Remittances Slump 14pc in November

Remittances Slump 14pc

Fewer Remittances in November

Pakistanis living abroad sent fewer remittances in November of this year, by 14%. During the first five months of the current fiscal year (FY23), inflows decreased by 9.6%.

Latest From the State Bank

According to the most recent figures made public by the State Bank on Wednesday, remittances continued to dip in November, falling to $2.1 billion from $2.5 billion in the same month previous year. Inflows decreased by 5% from $2.215 billion in October of this year. 

From July to November of FY23, remittances decreased by $1.279 billion (9.6 percent) to $12 billion from $13.286 billion during the same time period in FY22. 

The artificially low dollar rate in the interbank market, according to bankers and currency experts, might cost the nation dearly. The interbank market’s current exchange rate for the dollar is Rs224.71, however the open market offers a substantially higher rate. The worst aspect of the low interbank exchange rate for the dollar is the establishment of a very robust black market that begins to draw in remittances. 

Banks Vs Black Market

Bankers and currency specialists agree that the widening difference in dollar rates is the primary cause of the low inflows. While banks provide Rs224.71 for a dollar, the black market offers Rs255. 

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According to Tahir Abbas, head of research at Arif Habib Limited, “the fundamental reason for a fall in remittances is a 10% disparity in the open market and interbank currency rates.” He claimed that the official remittance figure has decreased because expats are receiving a 10 percent greater rate for the same amount of money received through unauthorised routes.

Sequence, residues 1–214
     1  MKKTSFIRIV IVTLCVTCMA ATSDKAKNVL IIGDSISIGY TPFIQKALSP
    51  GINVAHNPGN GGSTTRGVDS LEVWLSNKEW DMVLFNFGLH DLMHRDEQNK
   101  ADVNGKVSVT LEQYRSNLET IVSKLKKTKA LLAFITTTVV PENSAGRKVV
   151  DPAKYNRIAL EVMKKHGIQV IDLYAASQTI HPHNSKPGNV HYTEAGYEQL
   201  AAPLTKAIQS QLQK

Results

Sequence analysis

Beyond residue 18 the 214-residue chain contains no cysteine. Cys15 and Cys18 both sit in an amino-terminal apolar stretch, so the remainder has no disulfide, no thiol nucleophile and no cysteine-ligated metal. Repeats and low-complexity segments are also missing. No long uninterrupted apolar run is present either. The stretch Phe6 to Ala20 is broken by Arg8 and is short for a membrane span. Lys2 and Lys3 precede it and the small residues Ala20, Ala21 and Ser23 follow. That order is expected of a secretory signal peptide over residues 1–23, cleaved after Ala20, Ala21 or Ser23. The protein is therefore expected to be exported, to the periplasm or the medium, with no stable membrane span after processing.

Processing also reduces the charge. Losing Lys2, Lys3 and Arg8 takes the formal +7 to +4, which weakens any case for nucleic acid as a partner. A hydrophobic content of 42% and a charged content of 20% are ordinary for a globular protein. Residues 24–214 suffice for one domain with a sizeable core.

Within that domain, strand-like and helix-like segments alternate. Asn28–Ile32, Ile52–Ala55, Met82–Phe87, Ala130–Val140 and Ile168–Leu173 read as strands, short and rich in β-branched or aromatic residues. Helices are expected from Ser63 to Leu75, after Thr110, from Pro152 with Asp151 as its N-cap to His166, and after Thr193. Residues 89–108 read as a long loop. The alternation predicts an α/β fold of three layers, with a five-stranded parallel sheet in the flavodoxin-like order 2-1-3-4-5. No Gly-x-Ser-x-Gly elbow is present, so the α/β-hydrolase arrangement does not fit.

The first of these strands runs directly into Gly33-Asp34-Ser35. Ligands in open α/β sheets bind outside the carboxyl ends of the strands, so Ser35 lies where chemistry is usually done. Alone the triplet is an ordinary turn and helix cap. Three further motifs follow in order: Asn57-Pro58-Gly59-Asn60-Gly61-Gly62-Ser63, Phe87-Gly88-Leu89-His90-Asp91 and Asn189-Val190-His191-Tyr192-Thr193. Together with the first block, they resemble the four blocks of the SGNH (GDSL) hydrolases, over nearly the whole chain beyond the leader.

In addition, exporters are delaying US dollar profits due to the widening exchange rate. To help exports and remittances, the government must attack this gap head-on, he said. 

Inadequate Foreign Exchange Reserves

Especially in light of the inadequate foreign exchange reserves of the central bank, the government and State Bank are unable to provide a free market mechanism for the exchange rate. 

The market was unconvinced by recent assurances from the State Bank governor that Pakistan would only need to pay $4.7 billion this year and that the remaining debt would be rolled over. The market could only be stabilised by inflows, according to currency analysts, who also noted that remittances heavily relied on political stability. 

Reasons For Low Inflows

While keeping the difference in dollar rates as the main focus, experts found several explanations for the low inflows. According to Samiullah Tariq, head of research and development at Pakistan Kuwait Investment Company, “I find three main reasons: decline in disposable incomes globally due to inflation; better investment avenues globally due to higher interest rates; and large gap between interbank and open market dollar rates in Pakistan.” 

According to Miftah Ismail, a former finance minister, the nation requires a free market exchange rate to help the government with its problems.

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